DES MOINES, Iowa (AP) — Hillary Rodham Clinton is outlining a sweeping plan to hold down the rising cost of prescription drugs and target drug companies that flood the airwaves with ads.
The Democratic presidential candidate said at a forum in Iowa on Tuesday that she wants to protect consumers while promoting innovation and putting an end to profiteering in the pharmaceutical industry.
Her plan would place a monthly cap of $250 on covered out-of-pocket prescription drug costs to help patients with chronic or serious health conditions. It would also deny tax breaks for televised direct-to-consumer advertising and require drug companies that receive taxpayers' support to invest in research and development.
"It has gotten to the point where people are being asked to pay, not just hundreds but thousands of dollars for a single pill," Clinton said. "And I can tell you, that is not the way a market is supposed to work. That is bad actors making a fortune off of people's misfortune."
Clinton was outlining details of her plan as part of a weeklong push to defend President Barack Obama's health care law. The former secretary of state has credited the overhaul with driving down the rate of uninsured Americans and chastised Republicans who have sought its repeal.
Clinton said she wants to make sure the law works for everyone. She said she'll put insurance providers "on notice" that they need to help people afford the medical care that they require.
"Insurance companies have been keeping the savings for themselves and shifting more costs on to families. My plan will address that," she said.
Clinton's support for Obama's controversial health care law is the latest example of her campaign attaching itself to Obama's record amid a competitive Democratic primary. Also at play is Vice President Joe Biden's interest in joining the race, though it's far from certain that he will.
The health care law has been credited with helping reduce the number of uninsured people from 48.6 million in 2010 to 29 million people in the first three months of 2015. A recent poll by the nonpartisan Kaiser Family Foundation found that 72 percent of Americans say the cost of prescription drugs is unreasonable.
Clinton's plan received a chilly reception from the pharmaceutical industry, which said it would restrict patients' access to medicine.
"Secretary Clinton's proposal would turn back the clock on medical innovation and halt progress against the diseases that patients fear most," John Castellani, head of the Pharmaceutical Research and Manufacturers of America, said in a statement.
Clinton said she wanted to "both protect consumers and promote innovation, while putting an end to profiteering."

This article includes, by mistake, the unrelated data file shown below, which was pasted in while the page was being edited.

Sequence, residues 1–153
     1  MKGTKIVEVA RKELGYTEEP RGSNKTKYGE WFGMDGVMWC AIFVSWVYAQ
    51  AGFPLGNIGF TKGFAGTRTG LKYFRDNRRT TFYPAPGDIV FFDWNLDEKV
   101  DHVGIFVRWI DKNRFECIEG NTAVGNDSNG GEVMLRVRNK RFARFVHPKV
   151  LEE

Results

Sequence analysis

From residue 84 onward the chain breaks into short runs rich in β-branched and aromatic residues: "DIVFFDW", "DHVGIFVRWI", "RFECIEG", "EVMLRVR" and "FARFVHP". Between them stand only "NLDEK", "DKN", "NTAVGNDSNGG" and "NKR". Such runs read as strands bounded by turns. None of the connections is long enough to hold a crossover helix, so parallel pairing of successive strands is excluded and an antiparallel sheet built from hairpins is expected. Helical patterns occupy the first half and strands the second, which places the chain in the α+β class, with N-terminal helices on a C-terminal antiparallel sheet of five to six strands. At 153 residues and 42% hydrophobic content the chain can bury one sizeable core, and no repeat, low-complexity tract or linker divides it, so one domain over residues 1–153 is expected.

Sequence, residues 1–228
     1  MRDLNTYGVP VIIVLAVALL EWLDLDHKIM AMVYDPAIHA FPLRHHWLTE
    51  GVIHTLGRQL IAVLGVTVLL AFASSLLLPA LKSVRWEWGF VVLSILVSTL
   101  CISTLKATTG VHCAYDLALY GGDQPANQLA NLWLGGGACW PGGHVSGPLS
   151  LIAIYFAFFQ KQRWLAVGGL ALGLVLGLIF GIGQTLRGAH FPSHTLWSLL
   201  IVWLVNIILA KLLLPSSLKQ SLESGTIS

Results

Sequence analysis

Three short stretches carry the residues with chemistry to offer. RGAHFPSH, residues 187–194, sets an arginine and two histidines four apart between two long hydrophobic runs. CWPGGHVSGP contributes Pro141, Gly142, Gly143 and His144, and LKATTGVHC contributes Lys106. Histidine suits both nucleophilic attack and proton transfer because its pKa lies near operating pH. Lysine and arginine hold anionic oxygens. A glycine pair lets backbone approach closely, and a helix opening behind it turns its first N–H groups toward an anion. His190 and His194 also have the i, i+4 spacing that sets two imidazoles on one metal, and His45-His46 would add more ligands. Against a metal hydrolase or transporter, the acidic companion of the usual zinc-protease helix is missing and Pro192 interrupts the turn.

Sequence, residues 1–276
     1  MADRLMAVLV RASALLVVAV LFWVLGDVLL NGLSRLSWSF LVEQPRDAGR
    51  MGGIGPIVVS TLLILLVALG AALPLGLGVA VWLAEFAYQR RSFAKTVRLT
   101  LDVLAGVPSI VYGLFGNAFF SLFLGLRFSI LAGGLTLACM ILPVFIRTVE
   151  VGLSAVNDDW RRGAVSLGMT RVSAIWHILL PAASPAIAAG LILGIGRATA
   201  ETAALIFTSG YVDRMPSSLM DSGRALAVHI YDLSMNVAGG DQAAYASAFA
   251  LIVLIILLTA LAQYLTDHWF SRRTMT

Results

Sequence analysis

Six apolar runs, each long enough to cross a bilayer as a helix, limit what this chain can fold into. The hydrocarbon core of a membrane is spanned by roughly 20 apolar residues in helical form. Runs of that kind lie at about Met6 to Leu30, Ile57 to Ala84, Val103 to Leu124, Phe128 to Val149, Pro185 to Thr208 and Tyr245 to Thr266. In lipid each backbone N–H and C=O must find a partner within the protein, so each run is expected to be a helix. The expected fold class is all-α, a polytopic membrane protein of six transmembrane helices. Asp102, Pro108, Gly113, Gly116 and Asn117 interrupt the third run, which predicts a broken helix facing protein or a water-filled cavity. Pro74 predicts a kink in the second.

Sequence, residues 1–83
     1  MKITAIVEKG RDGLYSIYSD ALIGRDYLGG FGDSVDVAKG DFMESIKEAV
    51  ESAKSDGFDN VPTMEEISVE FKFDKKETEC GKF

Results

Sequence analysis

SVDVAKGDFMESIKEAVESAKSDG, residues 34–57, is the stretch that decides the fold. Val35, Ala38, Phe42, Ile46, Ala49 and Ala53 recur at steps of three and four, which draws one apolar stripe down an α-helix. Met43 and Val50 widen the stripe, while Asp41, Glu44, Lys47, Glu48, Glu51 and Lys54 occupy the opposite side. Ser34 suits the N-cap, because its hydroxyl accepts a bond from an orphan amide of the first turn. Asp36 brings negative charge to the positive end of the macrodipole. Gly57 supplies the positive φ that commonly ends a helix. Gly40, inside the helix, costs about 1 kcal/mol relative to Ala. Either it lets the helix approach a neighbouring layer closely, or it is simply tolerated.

Republicans accused Clinton of embracing the health care law to draw attention away from inquiries over her use of a private email system as Obama's secretary of state.
Clinton and her husband, former President Bill Clinton, have been paid at least $1.8 million for appearances at events sponsored by pharmaceutical companies or associations representing pharmacy industry interests, according to tax and financial records between 2001 and 2014.
Health care and the rising cost of prescription drugs have gained attention in the Democratic campaign. Clinton's main challenger, Vermont Sen. Bernie Sanders, has pushed the creation of a single-payer health care system and introduced legislation that would allow Medicare to negotiate lower drug prices with pharmaceutical companies and let consumers import prescription medication from Canada, where costs are cheaper.
"The pharmaceutical industry has become a health hazard for the American people," Sanders said in a statement Tuesday.
As she did during her 2008 presidential campaign, Clinton would seek to allow Medicare to use its large purchasing power to negotiate lower drug prices. Her plan also seeks to increase competition for traditional generic versions of specialty drugs to drive down prices and offer consumer choice, including allowing people to import foreign drugs.
The proposal would require health insurance plans to place a monthly and annual limit on covered out-of-pocket prescription drug costs for individuals. The campaign estimated that up to 1 million Americans could benefit from the plan annually.
Thomas reported from Washington. Associated Press writers Stephen S. Braun and Ricardo Alonso-Zaldivar contributed to this report.
On Twitter, follow Ken Thomas at https://twitter.com/KThomasDC and Catherine Lucey at https://twitter.com/catherine_lucey.